I saw this morning. It kept popping up in the searches.... so I checked out the commentary and I found the notes on verse 5 interesting.
The Lord GOD has opened My ear, and I was not rebellious: The Messiah, speaking prophetically, looks back to a custom described in Exodus 21:5-6, where a servant became a willing bondslave to his master. The sign of this willing servant was the ear opened by the piercing of an awl, done against the entry doorway of the master. This speaks of the total submission of the Messiah to the Lord GOD.​
If, after the six years of servitude, a servant wished to make a life-long commitment to his master – in light of the master’s goodness and his blessings for the servant – he could, through this ceremony, make a life-long commitment to his master. This was a commitment not motivated by debt or obligation, only love for the master.
In the ceremony, the servant’s ear would be pierced – opened – with an awl, in the presence of witnesses – then, he shall serve him for ever (Exodus 21:5-6). Psalm 40:6 also speaks of this ceremony taking place between the Father and the Son, where the Psalmist speaks prophetically for the Messiah: Sacrifice and offering You did not desire; my ears You have opened. Jesus was a perfect bond-slave to the Father (Philippians 2:7).​

OK.... don't skip over the stuff from the commentaries..... sometimes I find the strangest notes. Ear piercing..... was a form of branding, apparently. Now, I don't have a problem with arguing with the commentaries from time to time.... and I do have one little problem with the last commentary..... the commentary says: " This was a commitment not motivated by debt or obligation, only love for the master." The way I read it.... the man went into servitude for a six year stint.... that's like being indentured. At the end of the six years.... a man could go free. HOWEVER.... if the man was given a wife during that period.... and the wife had children during that period..... the wife and the children belonged to the master.... not the indentured servant. If the man wanted to stay with his wife and children.... he had to have his ear pierced.... meaning he was a servant for life to the guy who "owned" his family.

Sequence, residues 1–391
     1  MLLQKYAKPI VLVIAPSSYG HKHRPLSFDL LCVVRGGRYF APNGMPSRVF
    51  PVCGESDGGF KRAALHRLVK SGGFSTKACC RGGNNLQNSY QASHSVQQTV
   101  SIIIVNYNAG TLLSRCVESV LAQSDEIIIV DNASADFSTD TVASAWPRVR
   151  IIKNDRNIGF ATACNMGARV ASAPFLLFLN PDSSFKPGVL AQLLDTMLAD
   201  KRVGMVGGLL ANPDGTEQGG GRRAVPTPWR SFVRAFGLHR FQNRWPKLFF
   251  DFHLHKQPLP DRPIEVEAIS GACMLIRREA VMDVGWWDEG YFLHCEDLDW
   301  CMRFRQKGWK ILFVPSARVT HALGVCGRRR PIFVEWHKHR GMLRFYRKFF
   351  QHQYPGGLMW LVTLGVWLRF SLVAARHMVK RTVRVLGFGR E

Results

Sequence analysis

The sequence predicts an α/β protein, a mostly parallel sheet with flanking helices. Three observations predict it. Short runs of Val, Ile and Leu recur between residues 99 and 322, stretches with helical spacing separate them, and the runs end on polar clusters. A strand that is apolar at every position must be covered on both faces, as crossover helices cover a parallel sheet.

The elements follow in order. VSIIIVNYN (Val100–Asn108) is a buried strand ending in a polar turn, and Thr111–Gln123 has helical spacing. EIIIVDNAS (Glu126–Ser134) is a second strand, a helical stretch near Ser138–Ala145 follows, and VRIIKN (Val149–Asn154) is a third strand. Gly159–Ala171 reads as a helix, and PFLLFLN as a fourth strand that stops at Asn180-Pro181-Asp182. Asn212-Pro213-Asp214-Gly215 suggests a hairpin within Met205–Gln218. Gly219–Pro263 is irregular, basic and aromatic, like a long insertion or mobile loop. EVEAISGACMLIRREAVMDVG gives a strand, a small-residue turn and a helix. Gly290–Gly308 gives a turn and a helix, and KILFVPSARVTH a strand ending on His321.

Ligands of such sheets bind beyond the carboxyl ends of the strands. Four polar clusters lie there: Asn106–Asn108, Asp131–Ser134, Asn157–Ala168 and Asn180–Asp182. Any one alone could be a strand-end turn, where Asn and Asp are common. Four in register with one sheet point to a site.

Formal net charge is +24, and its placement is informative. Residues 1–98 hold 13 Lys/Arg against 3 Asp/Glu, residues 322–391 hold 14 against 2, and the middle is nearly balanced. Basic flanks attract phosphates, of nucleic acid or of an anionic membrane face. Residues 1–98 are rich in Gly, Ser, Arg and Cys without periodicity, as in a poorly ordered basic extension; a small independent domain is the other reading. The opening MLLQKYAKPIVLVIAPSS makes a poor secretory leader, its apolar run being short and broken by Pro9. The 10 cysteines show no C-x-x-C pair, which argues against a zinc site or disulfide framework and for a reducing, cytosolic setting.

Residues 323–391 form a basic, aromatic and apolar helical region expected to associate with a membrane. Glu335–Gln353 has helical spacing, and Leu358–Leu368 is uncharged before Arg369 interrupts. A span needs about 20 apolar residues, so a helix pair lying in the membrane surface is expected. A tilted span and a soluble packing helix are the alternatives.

My great great whatever grandfather was indentured. My mother's family [Athey] was from Ireland.... my great great whatever grandfather came over to the colonies in the 1600's indentured to Sir Thomas Dent.... right there in St. Mary's County. By the time my great great whatever grandfather ended his contract.... he had amassed a little land of his own..... He was free.

If Sir Thomas Dent owned my great great grandfather's family..... I'm not so sure he would have left. Wherever he chose to go he would still be tied to his family that he left behind for his own freedom. The commentary says that the commitment was not motivated by obligation..... but loving a family is an obligation..... to oneself. Why leave?

I really like verse 10..... walking in the dark. At first it was about something evil..... but then I realized it's about blind faith. The other night the electric went out. We have plenty of night lights.... unfortunately.... all our nightlights are plug ins..... so when the electric goes out.... we loose our night lights. Why is it.... now that I am old....when I am awakened by a good thunderstorm in the dark of the night.... I have to go to the bathroom. It's so dark in my place that I can't see my hand in front of my face.... and I have to go to the bathroom. It's like when someone says "don't look" you have to look.

Walking from my bed to the bathroom..... and making sure the seat is in the proper position.... in the pitch black of night..... is like what I think of as blind faith.